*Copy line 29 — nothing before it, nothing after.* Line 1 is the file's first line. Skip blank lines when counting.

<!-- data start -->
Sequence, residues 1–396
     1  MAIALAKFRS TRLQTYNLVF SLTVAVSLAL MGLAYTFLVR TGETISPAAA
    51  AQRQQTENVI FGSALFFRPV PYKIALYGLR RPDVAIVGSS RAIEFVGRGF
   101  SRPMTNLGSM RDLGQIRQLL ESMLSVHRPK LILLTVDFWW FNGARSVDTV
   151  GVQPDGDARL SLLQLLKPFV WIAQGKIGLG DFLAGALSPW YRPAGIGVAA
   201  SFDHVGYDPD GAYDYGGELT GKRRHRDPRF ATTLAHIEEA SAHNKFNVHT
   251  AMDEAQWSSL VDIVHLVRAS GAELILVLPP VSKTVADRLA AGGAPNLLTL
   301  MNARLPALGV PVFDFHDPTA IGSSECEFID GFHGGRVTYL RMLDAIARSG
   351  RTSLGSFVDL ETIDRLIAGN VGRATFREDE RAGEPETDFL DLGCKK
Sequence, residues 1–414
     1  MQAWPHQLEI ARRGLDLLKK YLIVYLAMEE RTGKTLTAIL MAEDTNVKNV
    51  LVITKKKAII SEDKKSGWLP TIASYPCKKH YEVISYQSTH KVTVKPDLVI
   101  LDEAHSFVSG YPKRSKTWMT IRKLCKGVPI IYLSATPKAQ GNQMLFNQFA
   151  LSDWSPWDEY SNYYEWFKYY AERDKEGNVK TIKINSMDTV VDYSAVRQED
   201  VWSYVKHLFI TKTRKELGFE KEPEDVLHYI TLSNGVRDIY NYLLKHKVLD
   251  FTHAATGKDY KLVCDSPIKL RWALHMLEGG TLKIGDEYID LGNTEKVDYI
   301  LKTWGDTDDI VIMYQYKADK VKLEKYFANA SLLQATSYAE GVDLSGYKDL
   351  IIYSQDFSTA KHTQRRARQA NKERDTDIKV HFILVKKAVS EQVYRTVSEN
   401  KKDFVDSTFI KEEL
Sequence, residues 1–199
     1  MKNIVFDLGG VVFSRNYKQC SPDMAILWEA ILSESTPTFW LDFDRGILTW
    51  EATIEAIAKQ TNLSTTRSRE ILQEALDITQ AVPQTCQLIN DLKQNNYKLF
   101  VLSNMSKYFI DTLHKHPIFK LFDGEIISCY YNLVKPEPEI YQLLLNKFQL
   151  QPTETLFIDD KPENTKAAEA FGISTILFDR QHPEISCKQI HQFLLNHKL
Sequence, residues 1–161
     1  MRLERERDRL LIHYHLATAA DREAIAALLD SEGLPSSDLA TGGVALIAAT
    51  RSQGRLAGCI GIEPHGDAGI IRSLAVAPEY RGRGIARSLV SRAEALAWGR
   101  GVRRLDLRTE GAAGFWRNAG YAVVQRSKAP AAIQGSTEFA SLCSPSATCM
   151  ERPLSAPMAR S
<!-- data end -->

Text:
   151  ERPLSAPMAR S